6. Design with good architecture. Keep your enterprise architects (EA’s) or hire some more.  Inevitably, more and more SaaS solutions will enter the organization.  EA’s will proactively plan for new scenarios and account for future business requirements.  Organizations should keep some rigor in terms of standards for solution adoption while accounting for the need to rapidly innovate.  Business leaders will need some frameworks on which solutions to adopt.
  7. Choose the right integration strategy for the right time. SaaS integration strategies will evolve based on the organization’s SaaS adoption maturity.  The first set of solutions will probably require point to point integration of data.  Over time, users often migrate to centralized integration services that account for process.  Some will go full enterprise service bus (ESB) and look at business process orchestration as well.  Consider solutions from CastIron, Boomi, Pervasive Software, Informatica, and SnapLogic.  Going forward customer data integration and master data management will be more important than ever.
  8. Minimize long-term storage costs with archiving. Storage represents a significant long term SaaS cost.  Savvy clients can reduce the cost of SaaS storage with a myriad of technologies such as EMC, IBM Optim, and RainStor.  By archiving, organizations will experience faster transaction times, maintain compliance, and reduce storage fees.
  9. Hedge risk with SaaS escrows. Most SaaS vendors will require 5 to 7 years to achieve profitability.  End users often demand software escrows in the on-premise world when they are concerned about vendor viability, takeover threats, and other related breaches to performance or service level agreements.  Software escrows vendors serve as the trusted third party independent organization which holds a copy of the software code.  This often includes user data, source code, documentation and any application executables. SaaS escrows work in a similar way.  Vendors such as EscrowTech, InnovaSafe, Iron Mountain, NCC Group. and OpSource can provide such services.
  10. Protect your rights. Client – vendor relationships in SaaS are perpetual.  Organizations have one shot to get the contract right and begin the relationship with the right tenor.  Apply best practices from The Customer Bill of Rights: SaaS. Work with vendors to find the right balance in approach.

The Bottom Line For Customers – Build Frameworks That Support Easy Line Of Business Adoption

The broad adoption and trajectory of SaaS solutions requires organizations to rapidly replace edicts and 5 year plans with guidelines and policy frameworks.  The goal – enable anyone in the organization to procure a SaaS solution that meets key guidelines and standards.  The result – flexibility, security, and scalability that allows solutions to be used on-demand and in concert with existing applications.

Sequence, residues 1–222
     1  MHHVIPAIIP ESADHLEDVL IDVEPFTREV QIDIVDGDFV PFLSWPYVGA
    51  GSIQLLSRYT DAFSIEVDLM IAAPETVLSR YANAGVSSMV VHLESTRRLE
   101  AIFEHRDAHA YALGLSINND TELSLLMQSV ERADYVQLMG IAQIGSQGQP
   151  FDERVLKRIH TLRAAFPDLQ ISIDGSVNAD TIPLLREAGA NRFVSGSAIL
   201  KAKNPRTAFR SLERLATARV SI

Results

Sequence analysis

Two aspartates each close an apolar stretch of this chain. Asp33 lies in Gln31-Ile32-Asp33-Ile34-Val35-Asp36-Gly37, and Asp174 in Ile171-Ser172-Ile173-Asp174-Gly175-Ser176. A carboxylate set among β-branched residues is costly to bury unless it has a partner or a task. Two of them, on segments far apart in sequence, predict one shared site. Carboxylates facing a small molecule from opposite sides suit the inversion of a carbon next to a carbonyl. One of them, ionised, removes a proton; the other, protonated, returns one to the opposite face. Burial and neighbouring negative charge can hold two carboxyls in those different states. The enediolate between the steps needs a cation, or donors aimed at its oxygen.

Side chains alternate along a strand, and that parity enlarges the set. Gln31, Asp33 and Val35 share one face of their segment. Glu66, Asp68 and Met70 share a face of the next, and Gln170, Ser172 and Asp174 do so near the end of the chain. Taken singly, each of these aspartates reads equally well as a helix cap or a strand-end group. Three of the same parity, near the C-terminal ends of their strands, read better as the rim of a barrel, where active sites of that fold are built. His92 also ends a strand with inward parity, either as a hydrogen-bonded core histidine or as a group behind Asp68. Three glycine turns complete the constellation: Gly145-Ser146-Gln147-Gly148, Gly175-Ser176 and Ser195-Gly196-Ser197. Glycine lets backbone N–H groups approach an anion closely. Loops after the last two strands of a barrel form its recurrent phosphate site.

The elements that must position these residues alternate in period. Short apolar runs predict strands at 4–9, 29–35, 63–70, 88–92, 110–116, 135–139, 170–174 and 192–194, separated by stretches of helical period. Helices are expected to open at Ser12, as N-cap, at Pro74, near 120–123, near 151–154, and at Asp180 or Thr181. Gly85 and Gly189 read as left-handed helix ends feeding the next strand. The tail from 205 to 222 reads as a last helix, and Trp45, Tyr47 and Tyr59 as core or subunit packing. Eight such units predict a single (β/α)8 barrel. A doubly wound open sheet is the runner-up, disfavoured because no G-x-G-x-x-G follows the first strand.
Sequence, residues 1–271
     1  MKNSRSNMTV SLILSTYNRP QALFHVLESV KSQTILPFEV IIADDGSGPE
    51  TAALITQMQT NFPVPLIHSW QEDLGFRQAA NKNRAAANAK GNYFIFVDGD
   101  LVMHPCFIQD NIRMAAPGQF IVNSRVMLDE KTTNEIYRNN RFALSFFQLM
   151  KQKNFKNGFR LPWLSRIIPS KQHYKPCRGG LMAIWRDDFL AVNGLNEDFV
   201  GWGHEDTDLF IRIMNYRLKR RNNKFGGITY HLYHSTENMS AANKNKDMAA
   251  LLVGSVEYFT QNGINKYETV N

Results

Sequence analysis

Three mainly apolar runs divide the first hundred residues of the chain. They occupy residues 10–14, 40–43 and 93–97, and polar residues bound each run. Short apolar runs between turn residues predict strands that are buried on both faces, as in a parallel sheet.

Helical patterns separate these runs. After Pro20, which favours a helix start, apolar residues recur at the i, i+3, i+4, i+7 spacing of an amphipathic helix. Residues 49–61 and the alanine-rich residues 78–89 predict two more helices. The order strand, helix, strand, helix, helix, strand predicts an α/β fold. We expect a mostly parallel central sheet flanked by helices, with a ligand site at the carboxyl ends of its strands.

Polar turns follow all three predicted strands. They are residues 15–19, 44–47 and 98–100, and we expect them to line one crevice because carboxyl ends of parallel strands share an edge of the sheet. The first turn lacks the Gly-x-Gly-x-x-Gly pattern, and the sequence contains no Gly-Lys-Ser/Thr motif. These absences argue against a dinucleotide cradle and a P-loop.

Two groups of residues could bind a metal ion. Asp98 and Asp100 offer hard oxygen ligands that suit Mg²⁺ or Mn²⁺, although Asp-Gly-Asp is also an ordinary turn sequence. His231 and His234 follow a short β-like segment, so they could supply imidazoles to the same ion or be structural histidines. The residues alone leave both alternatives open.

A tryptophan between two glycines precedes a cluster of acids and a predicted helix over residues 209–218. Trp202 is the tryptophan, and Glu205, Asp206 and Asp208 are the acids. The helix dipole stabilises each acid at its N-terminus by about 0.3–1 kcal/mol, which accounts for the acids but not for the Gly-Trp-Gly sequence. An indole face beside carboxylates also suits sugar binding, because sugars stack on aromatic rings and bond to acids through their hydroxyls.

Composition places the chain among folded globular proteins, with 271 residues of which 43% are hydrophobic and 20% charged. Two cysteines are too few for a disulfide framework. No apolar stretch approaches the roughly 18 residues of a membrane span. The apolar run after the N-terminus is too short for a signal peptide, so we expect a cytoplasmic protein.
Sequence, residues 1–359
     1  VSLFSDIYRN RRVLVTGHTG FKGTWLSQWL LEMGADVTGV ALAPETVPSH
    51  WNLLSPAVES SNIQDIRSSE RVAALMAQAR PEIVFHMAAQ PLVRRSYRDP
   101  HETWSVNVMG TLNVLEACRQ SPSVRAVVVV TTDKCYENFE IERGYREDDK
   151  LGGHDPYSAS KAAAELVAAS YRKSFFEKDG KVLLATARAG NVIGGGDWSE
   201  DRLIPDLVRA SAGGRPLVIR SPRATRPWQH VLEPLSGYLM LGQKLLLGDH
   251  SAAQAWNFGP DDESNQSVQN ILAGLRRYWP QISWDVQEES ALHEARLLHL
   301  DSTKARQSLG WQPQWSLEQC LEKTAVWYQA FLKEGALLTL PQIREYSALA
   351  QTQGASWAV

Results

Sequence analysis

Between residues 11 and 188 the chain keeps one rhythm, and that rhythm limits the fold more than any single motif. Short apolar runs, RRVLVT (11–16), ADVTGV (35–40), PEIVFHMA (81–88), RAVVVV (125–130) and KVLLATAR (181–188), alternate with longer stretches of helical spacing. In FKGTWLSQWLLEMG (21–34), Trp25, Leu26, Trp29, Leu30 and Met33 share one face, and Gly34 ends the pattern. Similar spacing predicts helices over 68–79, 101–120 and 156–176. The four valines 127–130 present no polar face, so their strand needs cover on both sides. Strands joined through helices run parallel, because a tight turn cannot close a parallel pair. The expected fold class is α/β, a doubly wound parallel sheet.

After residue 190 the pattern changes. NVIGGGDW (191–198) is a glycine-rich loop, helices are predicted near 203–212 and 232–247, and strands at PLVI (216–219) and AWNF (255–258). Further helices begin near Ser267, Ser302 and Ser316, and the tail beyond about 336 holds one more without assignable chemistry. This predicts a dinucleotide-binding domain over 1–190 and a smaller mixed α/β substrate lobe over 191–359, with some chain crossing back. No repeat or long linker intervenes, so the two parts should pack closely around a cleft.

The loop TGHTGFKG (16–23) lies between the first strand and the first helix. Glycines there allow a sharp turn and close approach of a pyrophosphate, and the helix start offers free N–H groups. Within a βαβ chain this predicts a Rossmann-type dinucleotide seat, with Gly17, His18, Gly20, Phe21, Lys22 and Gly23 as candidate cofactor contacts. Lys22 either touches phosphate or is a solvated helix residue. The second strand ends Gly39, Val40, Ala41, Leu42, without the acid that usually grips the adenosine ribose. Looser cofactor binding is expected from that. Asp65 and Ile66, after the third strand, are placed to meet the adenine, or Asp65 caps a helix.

Your POV.

As you work out your SaaS apps strategies, drop us a line and let us know how you are deploying, what challenges you’ve faced, and what successes have you achieved.  We’re happy to weigh in.  Feel free to post your comments here or send me an email at rwang0 at gmail dot com or r at softwareinsider dot org.

Copyright © 2009 R Wang and Insider Associates, LLC. All rights reserved.

Tuesday’s Tip: Call Vendors On Their Bluff About “Rev-Rec” And Software Maintenance Contracts

Vendor Sales Reps Keep Using An Age Old Excuse Out Of Habit

Many organizations start their Q4 software maintenance renewals process in September.  This has led to a flurry of emails and phone calls about revenue recognition (a.k.a. “rev-rec”) rules for software maintenance contracts.   Apparently, both customers and vendor sales reps suffer from mass confusion on this issue.  The result – a conservative but inaccurate stance from sales reps who use pat answer number 1 and tell existing customers that they can’t discount their software maintenance because of rev-rec rules.  For good measure, they usually throw out all the real official sounding terms around AICPA Statement of Position (SOP) No. 97-2 and VSOE.  To customers, this reminds them of technical gobbleydegook and they glaze over this issue about software revenue recognition in despair.

However what’s true for how rev-rec works for license fees does not apply in most cases for software maintenance and support because:

  • Maintenance and support fees are adjunct or known as separate from license fees. Maintenance contracts may be based on license fee costs but these fees should be recognized as a separate stream of revenue.  More granular accounting will be required when licenses are bundled with one or more years of pre-paid maintenance, but the vendor should be able to carve out a value for this.